Saturday, September 27, 2008

Jailer, Gaoler ... Goaler?

I was playing a little hooky yesterday from class preparation and reading a bit of Anthony Trollope's Barchester Towers. I came across the phrase "king, judge, or goaler." ("The temporal king, judge, or goaler, can work but on the body.") My first thought was that "goaler" was a typo for "gaoler," the British equivalent of "jailer," and I so emended the text in my mind.

My second thought was that maybe the reference was to some other function, and that perhaps I had been too hasty. So I looked in the online OED. Lo and behold, the spelling "goaler" was listed as one of the spelling variants of JAILOR, JAILER, GAOLER. A little more research via Google Print turned up a great many occurrences of the spelling GOALER with the meaning, and presumably the pronunciation of, "jailer." It goes back at least as far as variant readings in Shakespeare's Folios and seems to expire sometime in the late 19th century; Trollope was using a spelling that was on the way out.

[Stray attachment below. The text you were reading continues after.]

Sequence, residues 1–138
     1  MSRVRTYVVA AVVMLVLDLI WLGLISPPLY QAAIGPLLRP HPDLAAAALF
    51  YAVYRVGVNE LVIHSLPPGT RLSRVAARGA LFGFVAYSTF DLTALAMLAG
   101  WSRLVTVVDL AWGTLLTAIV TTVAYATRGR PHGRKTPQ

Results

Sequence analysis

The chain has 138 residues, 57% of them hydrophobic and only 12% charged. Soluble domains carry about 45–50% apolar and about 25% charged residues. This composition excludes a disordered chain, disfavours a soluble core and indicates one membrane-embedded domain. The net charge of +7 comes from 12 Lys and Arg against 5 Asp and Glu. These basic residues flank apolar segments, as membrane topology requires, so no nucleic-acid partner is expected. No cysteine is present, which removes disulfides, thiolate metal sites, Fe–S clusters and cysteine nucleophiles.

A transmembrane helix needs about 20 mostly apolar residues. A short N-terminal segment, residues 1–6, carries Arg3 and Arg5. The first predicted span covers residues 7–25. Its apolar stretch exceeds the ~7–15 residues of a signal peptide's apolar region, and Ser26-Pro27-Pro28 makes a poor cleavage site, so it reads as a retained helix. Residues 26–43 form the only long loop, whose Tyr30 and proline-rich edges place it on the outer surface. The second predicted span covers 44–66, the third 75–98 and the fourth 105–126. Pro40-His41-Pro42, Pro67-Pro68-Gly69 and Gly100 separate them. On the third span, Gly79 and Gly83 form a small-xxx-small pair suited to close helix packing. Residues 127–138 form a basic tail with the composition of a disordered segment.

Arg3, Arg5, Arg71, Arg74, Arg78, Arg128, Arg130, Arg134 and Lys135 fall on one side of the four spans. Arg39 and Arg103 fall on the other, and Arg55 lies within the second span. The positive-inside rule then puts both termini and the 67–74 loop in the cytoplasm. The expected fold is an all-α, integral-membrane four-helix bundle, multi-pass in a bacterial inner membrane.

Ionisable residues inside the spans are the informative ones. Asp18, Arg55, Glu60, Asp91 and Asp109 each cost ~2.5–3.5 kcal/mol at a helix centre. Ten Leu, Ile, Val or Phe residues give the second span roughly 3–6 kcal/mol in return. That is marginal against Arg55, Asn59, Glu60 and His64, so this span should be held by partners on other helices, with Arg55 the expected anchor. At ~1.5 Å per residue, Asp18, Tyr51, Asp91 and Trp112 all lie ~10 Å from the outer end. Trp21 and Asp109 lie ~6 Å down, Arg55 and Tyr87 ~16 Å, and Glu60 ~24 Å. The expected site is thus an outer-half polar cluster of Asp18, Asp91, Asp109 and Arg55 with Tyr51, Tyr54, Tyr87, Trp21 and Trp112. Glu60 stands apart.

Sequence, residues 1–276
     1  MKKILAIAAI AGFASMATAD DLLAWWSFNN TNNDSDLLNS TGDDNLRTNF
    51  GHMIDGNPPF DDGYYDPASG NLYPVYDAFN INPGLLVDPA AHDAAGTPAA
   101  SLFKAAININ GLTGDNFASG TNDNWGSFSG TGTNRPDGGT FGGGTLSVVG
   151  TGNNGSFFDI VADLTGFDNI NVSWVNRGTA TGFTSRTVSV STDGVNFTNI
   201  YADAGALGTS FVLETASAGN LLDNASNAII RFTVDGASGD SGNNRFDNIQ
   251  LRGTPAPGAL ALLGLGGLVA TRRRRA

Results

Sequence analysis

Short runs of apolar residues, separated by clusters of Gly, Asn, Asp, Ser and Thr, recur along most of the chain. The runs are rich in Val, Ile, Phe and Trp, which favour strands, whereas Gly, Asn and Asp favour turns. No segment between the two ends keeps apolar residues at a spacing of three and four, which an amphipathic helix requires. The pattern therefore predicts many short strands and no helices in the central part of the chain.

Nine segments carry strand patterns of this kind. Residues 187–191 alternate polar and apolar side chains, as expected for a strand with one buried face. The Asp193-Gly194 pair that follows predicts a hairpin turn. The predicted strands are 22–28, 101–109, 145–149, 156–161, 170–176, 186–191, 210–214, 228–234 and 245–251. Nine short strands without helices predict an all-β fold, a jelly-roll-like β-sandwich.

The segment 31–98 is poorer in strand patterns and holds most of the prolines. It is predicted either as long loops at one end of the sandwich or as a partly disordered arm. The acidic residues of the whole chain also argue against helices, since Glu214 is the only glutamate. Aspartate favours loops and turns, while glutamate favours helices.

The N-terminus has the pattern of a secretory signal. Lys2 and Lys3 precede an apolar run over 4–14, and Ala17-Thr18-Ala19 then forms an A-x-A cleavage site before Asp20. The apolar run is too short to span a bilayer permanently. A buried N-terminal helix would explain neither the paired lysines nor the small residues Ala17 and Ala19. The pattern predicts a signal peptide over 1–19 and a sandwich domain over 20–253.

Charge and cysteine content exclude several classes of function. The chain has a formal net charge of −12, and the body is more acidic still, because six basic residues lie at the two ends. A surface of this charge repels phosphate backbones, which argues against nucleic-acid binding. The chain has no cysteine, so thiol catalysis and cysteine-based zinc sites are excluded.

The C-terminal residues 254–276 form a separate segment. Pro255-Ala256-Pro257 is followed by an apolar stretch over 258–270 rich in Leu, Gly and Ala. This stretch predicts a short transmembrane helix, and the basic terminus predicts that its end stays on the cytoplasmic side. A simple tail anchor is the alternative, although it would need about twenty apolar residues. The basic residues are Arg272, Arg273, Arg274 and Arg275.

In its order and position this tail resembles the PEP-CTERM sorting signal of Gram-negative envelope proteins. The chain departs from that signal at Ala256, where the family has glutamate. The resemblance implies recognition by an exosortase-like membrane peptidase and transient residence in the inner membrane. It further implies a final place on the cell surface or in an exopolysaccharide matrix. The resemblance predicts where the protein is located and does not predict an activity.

Granted then the venerable pedigree of the spelling "goaler," does that make it any less of an error? Judging from the etymology of the word, the combination OA cannot be anything but a confused orthography for the more correct AO — and yet it was surprisingly popular and widespread.

From this I draw this lesson for textual studies, that it is necessary to distinguish between the proper ("correct") reading and the "correct" etymology. GOALER is the correct reading in Trollope, although the orthography is a poor representation (therefore "incorrect") of the pronunciation and the etymology of the word in general (which is why, no doubt, such a spelling gradually vanished in the presence of competing spellings).

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